(Commercial growers store potatoes at 4°C (39°F) to achieve the longest dormancy period possible).

If you’ve grown potatoes before, you may be familiar with volunteer potatoes. Volunteer potatoes grow from tubers we miss when we harvest our potato crops.

But those missed potatoes don’t start growing right away.

In my garden, volunteer potatoes usually begin to appear in late March. Which means they’ve been dormant for 6 months.

Those potatoes come up and (if I don’t remove them) grow into healthy, productive potato plants – no sprouting required.

In the (many) years when I haven’t been as organized as I should have been, I’ve purchased seed potato and planted it right away without sprouting the seed potatoes first.

Did the potatoes grow? Yes. They took longer to emerge from the ground, but they grew fine otherwise.

So, if you’re late picking up your seed potato and you want to plant them the same day, you can do that. Unsprouted potatoes will grow if you plant them in the ground. They’ll just take longer to get going.

Is It Worth Sprouting Potatoes Before Planting?

If potatoes grow without sprouting, then why go to the bother of sprouting them? Here’s why.

  1. You’ll get an earlier start to your growing season.
  2. Plant growth will be more consistent.
  3. The potato canopy will close sooner.
  4. You’ll enjoy an earlier harvest.
  5. There’s a better chance of avoiding potato leaf blight.

Let’s explore each one of those reasons.

Earlier Start To Your Growing Season

By sprouting your potatoes, they’re already growing when you plant them out in your garden.

The earliest you can plant potatoes out in your garden is 2 to 4 weeks before your last spring frost date.

If you plant unsprouted potatoes, you’ve got to wait for the potatoes to break their dormancy, which can take several weeks. And then they’ll take a few more weeks to emerge from the soil.

But when you plant potatoes you’ve already sprouted, there’s no dormancy period to hold the potatoes back.

Sprouting your potatoes in late winter/early spring gives you a head start on the season.

More Consistent Plant Growth

When you plant sprouted potatoes, you can be confident you’ll get a potato plant from each seed potato.

That’s not true of unsprouted potatoes because some potatoes will be duds which don’t produce any growth.

When you plant potatoes without sprouting them first, you’ll inevitably end up with empty spaces in your rows. Then if you’ve got any seed potato left over, you’ll pop the spares into the gaps.

This leads to uneven growth affecting your potato canopy, and your earthing up schedule.

A Better Potato Canopy

A potato canopy forms when the foliage on your potato plants is large enough to cover the growing bed.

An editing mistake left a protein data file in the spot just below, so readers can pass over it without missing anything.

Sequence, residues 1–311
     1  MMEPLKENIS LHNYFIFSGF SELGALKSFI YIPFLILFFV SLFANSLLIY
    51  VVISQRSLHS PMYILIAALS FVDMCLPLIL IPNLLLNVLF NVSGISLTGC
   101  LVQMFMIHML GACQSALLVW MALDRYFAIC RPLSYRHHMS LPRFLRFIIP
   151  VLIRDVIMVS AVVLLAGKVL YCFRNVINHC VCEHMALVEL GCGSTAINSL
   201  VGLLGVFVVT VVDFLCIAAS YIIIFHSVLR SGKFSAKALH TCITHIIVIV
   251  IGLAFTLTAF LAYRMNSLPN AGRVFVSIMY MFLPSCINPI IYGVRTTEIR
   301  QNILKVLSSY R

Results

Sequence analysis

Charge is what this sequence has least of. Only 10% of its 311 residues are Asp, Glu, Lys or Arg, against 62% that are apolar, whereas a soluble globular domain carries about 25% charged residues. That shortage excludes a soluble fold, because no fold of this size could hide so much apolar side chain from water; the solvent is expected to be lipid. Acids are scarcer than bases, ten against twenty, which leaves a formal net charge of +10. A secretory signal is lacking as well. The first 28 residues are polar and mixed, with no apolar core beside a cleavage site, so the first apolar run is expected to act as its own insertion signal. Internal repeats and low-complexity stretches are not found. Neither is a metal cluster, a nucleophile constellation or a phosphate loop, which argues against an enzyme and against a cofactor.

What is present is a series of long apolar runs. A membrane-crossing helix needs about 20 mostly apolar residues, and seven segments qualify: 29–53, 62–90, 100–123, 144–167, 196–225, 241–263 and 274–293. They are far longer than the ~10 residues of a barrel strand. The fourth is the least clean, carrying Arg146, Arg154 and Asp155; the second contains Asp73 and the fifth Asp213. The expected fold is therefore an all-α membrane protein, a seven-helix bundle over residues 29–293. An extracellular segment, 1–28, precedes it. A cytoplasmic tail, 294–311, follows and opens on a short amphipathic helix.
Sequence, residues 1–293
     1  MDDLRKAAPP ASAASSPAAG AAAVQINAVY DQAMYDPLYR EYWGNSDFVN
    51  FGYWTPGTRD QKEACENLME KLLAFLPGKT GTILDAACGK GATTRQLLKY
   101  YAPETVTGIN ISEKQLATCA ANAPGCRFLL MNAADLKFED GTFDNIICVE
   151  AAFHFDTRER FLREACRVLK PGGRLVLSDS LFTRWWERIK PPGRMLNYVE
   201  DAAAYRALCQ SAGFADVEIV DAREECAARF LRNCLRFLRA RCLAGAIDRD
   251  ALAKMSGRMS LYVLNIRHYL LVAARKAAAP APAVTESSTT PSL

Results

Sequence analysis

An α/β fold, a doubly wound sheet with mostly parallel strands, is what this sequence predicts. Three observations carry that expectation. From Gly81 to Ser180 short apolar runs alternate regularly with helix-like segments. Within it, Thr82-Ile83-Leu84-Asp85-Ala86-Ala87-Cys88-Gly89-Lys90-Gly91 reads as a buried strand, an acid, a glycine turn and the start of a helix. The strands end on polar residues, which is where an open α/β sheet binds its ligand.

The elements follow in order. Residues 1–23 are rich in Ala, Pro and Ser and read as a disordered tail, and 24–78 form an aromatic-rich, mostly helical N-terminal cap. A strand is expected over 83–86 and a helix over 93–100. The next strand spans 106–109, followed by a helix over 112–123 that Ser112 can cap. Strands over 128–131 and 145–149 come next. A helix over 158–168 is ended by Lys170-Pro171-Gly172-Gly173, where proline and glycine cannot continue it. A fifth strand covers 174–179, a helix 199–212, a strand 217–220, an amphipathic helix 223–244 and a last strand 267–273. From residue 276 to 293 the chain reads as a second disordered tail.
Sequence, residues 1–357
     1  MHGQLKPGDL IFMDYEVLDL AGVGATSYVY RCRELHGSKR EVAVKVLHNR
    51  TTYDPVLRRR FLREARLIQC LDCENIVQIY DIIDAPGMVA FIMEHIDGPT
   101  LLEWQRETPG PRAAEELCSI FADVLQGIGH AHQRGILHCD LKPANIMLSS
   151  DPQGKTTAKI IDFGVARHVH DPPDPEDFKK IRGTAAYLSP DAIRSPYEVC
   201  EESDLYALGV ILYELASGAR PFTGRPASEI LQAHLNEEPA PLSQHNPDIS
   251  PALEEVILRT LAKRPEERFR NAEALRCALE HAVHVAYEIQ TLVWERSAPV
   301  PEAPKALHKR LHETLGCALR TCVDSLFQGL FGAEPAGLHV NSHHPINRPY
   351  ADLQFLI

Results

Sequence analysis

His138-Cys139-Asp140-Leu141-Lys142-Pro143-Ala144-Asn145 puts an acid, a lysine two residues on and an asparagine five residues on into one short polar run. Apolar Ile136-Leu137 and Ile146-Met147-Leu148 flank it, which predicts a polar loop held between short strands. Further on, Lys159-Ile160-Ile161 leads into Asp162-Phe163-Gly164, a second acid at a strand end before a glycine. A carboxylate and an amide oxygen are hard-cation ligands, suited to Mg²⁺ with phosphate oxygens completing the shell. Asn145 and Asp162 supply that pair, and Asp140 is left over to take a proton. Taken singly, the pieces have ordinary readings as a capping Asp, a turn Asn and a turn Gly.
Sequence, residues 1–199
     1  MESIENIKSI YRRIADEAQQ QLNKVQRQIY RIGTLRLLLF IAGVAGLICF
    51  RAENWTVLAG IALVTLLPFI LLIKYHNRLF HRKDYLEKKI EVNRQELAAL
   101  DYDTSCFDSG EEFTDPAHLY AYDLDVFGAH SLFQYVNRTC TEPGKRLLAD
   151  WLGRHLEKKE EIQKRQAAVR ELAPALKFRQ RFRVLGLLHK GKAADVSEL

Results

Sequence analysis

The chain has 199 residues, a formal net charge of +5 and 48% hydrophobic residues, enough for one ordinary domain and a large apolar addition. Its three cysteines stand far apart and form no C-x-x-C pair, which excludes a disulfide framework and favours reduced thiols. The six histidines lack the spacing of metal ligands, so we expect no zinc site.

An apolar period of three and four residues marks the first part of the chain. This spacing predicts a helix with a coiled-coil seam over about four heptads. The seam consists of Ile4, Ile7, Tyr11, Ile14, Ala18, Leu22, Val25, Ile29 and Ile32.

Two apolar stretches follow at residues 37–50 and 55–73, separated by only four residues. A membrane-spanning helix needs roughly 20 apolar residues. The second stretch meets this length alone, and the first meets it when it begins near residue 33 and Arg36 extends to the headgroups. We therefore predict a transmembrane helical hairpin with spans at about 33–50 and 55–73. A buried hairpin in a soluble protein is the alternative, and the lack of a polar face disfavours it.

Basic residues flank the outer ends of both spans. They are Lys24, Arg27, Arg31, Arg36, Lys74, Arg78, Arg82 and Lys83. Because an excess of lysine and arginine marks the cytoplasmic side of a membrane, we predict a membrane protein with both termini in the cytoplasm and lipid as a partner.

A closed canopy results in less weed growth because the canopy shades out the weeds, depriving them of the light they need to grow.

When you’ve got fewer weeds taking nutrients and moisture away from your potatoes, you’ll get a better yield at harvest time.

By pre-sprouting seed potato, you’ll get faster and more consistent canopy development.

Earlier Harvest

By sprouting potatoes before you plant them, you’ll be able to begin your harvest a few weeks earlier.

An earlier harvest obviously means you won’t need to wait as long to enjoy your delicious homegrown potatoes. But there are a couple of other benefits too.

By getting your potatoes out of the ground earlier, you free up that growing space for a follow on crop like winter squash.

Being able to harvest potatoes a few weeks earlier also gives you a better chance of avoiding potato leaf blight (Phytophthora infestans).

Potato blight is a fungus-like organism that thrives in warm, wet weather. If you harvest your potatoes before the blight window opens, you’ll get a good crop.

But if your potatoes are still maturing when blight strikes, the fungus will soon destroy the potato foliage and tuber growth will stop, resulting in a smaller yield.

In the worst case, the blight will reach the tubers themselves and cause rot to set in. These tubers won’t store well.

Can You Sprout Green Potatoes?

We all know that we shouldn’t eat green potatoes because of the concentration of toxic solanine in them. But while solanine can hurt us, it isn’t a problem for the potato.

A green potato will happily sprout as you can see in this photo.

sprouted green potato
Sprouted green potato.

The green seed potato won’t have any harmful effect on plant growth, and the plant will produce completely normal potatoes.

Should You Remove Excess Potato Sprouts?

Yes, and no.

Potatoes come in two main types.

  • Determinate – first and second early varieties
  • Indeterminate – main crop varieties

With determinate varieties that mature in 70 to 90 days, you shouldn’t remove any sprouts. These potatoes naturally produce lots of smaller potatoes from their multiple stems. If you remove eyes or sprouts from determinate varieties, you’ll get fewer potatoes at harvest time.

But if you’re growing main crop potatoes, you’ve got a choice. You can allow multiple eyes to sprout, in which case you’ll get lots of small potatoes from each plant.

If you want large potatoes, though, remove all but the two strongest buds, so the plant puts all of its energy into making large potatoes on those stems.

Final Thoughts

Sprouting potatoes gives you a head start on the growing season while it’s still too cold to set the potatoes in the ground.

When the growing season is already underway and you need to sprout seed potatoes in a hurry, increase the temperature and expose the potatoes to some ethylene gas from ripening bananas or apples.

Keep an eye on their progress and be ready to plant the potatoes once the shoots are 1 cm to 2 cm long (1/2″ to 1″ long).

Thanks for reading: How to get potatoes to sprout eyes faster. I hope you get a great potato harvest!

bio pic

Kate Prince

Hey there! I’m a small scale homesteader sharing what I know about the off-grid life. I grow fruits and vegetables, raise chickens and goats, and produce my own power, heat, and clean water.   Feel free to send me a message.